Speakers and delegates at the forty-ninth annual convention of the National Association of Evangelicals (NAE) held last month in St. Louis tried to stick with the theme, “Proclaiming Jesus Christ Together!” But amidst the calls to step up to the evangelistic challenge were the realities of being the church in a troubled world, NAE convention program coordinator David Rambo issued the call for “a coalition of allied evangelical forces to do what nobody thinks they can do—evangelize at least 82 million Americans who do not yet know Jesus Christ as Savior.”
But the meeting halls also were buzzing with talk about the recent Gulf War and the relationships between evangelical whites and blacks, two issues that illustrate that NAE’S greatest challenge perhaps remains in building a unified front of evangelicals from which to proclaim Christ “together.”
Much like an adolescent enduring growing pains, the convention was subject to mood swings. There were solemn moments, such as when the estimated 1,000 delegates read aloud a litany confessing the sin of racism, or when NAE executive director Billy Melvin uncharacteristically broke down while pleading for unity.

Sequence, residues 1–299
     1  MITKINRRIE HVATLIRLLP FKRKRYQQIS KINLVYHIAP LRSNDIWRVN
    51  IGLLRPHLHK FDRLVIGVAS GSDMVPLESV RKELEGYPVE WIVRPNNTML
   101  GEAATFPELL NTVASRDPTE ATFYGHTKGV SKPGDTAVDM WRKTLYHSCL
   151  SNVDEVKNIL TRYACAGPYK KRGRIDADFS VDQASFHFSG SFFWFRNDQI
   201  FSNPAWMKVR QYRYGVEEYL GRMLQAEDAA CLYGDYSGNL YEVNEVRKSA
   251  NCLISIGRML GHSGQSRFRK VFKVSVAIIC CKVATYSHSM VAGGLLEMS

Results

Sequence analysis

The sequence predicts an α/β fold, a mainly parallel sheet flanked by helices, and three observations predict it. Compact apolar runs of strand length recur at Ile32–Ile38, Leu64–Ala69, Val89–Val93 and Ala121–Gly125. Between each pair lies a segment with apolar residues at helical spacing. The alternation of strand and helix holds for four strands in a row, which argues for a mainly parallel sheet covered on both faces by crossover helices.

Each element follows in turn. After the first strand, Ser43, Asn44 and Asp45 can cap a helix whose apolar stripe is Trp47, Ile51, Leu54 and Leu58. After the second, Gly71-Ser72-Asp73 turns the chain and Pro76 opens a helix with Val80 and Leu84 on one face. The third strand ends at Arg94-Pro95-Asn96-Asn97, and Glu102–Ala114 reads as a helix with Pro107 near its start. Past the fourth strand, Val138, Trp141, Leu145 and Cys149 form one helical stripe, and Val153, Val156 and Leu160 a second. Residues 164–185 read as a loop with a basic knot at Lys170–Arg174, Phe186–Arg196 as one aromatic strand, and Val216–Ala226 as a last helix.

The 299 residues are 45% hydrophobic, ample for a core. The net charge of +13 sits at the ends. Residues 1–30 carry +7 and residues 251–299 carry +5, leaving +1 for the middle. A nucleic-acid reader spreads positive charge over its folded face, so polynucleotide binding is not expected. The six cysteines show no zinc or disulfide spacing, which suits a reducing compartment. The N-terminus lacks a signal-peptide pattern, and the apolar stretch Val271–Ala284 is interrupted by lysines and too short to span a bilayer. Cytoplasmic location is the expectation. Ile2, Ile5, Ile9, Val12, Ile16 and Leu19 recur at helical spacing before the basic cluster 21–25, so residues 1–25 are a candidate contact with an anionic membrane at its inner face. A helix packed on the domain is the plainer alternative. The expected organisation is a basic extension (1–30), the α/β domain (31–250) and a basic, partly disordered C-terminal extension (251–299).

There were also intense moments, such as when a committee including just-war advocates and pacifists worked to grind out an agreeable statement on the Gulf War.
At the top of the convention agenda, delegates took a serious look at the state of evangelism as the church moves toward the twenty-first century. Evangelists John Guest and Luis Palau urged leaders to reclaim a vision for proclaiming the gospel and equipping laity to witness.
“There is a desperate need for those of us who call ourselves evangelicals to go and evangelize,” ...1
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